A healthy portfolio of real estate helped make Marsh Supermarkets Inc. an attractive acquisition target for Sun Capital Partners
despite the local chain's struggles.
Now, the Boca Raton, Fla.-based private equity firm is hoping to unlock a chunk of that value by unloading what it sees as
excess real estate.
Marsh put 19 properties on the market in late February for a total asking price of $10.6 million. Up for sale are closed
stores, outlots and other retail buildings, all marketed by locally based Eclipse Real Estate.
It's not clear whether Sun has mortgages on the properties that would reduce its proceeds from sales. However, the private
equity firm appears to be well on its way toward using real estate sales to justify its $325 million Marsh purchase. Under
the deal, which closed in October, Sun paid $88 million in cash and assumed $237 million in debt.
Late last year, Dallas-based Cardinal Paragon Inc., an unsuccessful Marsh suitor, bought eight grocery locations from the
company for an undisclosed price, then sold them to Toronto-based H&R Real Estate Investment Trust for $78 million. While
Marsh signed 20-year leases to continue operating those stores, it does not plan to lease any of the properties now on the
Before the sale to Sun, Marsh owned about one-third of its more than 100 grocery locations, along with numerous other properties.
The real estate holdings give Sun a safety net in case it is unable to turn the company around, as well as a vehicle to raise
cash and pay down debt.
The properties now for sale are part of an effort by the company to cash out non-core assets, said Eclipse Real Estate principal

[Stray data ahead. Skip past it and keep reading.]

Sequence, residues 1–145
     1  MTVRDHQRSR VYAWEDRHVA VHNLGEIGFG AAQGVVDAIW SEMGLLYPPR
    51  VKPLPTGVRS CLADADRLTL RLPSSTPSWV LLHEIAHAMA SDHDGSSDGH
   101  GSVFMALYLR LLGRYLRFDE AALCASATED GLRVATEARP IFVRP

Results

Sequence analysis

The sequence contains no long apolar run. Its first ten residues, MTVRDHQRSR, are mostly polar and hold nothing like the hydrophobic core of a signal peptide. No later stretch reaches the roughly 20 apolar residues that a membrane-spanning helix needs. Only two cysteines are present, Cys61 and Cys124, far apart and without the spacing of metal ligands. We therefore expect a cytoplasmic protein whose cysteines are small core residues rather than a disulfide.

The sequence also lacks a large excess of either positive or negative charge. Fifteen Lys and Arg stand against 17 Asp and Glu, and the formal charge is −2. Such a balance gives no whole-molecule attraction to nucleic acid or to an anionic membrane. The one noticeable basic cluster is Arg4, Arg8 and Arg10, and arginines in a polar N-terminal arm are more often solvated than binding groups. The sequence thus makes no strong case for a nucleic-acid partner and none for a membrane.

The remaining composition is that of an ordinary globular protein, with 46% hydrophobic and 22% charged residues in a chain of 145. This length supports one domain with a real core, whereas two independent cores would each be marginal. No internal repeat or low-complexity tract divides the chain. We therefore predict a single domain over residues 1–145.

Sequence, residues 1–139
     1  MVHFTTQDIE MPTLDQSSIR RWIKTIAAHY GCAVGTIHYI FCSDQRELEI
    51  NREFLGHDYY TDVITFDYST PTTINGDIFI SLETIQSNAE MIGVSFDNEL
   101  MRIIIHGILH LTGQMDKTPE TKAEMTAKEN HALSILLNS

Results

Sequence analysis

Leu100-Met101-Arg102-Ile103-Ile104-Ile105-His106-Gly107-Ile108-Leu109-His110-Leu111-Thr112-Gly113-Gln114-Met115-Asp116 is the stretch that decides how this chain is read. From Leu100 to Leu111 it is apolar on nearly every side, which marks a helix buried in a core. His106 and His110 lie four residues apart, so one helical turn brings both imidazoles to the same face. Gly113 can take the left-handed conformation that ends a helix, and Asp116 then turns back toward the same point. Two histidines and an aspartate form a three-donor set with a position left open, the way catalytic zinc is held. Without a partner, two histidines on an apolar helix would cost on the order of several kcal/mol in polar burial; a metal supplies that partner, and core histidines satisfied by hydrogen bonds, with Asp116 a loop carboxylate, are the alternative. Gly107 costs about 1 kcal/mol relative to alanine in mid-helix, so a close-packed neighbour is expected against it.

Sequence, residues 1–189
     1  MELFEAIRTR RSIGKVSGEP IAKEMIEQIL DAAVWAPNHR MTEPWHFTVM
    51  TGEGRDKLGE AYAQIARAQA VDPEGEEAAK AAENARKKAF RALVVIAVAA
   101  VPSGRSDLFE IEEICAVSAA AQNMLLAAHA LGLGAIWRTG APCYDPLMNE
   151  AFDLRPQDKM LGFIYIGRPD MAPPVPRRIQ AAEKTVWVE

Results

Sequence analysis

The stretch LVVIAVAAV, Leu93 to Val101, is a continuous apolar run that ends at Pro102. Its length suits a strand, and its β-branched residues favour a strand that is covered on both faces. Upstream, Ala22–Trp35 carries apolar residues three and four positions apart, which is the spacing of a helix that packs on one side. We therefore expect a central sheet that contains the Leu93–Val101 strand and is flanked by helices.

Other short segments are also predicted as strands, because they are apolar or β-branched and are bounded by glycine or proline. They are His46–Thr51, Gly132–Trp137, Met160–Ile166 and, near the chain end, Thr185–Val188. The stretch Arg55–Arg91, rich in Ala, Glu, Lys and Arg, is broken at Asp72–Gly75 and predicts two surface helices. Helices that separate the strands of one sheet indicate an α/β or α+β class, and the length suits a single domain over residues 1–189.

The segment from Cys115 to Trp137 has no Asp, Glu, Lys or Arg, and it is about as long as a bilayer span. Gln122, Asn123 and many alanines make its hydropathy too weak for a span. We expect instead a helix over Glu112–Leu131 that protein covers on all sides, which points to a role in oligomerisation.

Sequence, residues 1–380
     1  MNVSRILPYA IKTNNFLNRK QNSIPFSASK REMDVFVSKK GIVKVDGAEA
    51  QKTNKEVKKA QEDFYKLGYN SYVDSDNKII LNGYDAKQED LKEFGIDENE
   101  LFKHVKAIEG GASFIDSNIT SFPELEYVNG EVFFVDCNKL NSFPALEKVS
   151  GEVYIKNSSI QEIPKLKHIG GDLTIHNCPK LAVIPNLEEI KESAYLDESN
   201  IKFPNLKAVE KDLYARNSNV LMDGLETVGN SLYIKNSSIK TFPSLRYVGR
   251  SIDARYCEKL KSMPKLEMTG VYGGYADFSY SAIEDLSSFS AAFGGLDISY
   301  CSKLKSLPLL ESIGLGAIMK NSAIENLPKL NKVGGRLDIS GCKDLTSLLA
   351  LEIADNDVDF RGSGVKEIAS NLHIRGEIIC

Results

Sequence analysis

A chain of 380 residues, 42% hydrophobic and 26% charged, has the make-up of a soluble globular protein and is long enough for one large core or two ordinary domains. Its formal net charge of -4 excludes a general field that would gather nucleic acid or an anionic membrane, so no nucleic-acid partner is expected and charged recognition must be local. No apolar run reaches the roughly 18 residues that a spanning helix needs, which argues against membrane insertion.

Bryan Chandler, one of the listing agents for the property.
"In the past, Marsh had held onto these as strategic investments for one reason or another," Chandler said. "The
new group is just looking at it in a different way."
The strategy of getting value out of real estate holdings is common for private equity funds, said Bob Shortle, president
of Indianapolis-based Periculum Capital Partners.
Shortle suspects Sun will continue to shrink Marsh's assets as it prepares the company for resale, potentially to another
grocery outfit, within a couple of years. Five years would be "long term" for a company like Sun. And it's not
looking for a modest payoff; annualized returns of 25 percent or more are expected.
"Their job is to take care of investors," Shortle said. "Create the most value, then get out."
In its 2005 annual report, Marsh listed the combined value of its land and buildings at $238 million. But in a February 2006
regulatory filing, Marsh said an appraisal showed its real estate was worth $100 million to $150 million more than the company
had listed in financial statements.
Marsh's real estate holdings led some investors to cry foul over the Sun deal, saying the private equity firm got the
grocery chain at a bargain-basement price.
Among the properties Marsh is now selling are four 1.3-acre outlots along State Road 37 in Noblesville listed at $750,000
each; a former LoBill shopping center in Greencastle listed at $2.15 million; and a half acre in front of the Marsh at 106th
Street and Michigan Road in Carmel listed for $1.2 million.
The company also is looking to find someone to sublease former Arthur's Market and LoBill stores in Danville and New
Eclipse already has talked with several potential buyers, including some interested in one property and others that might
want several, Chandler said.
Marsh spokeswoman Connie Gardner would not elaborate on the company's strategy.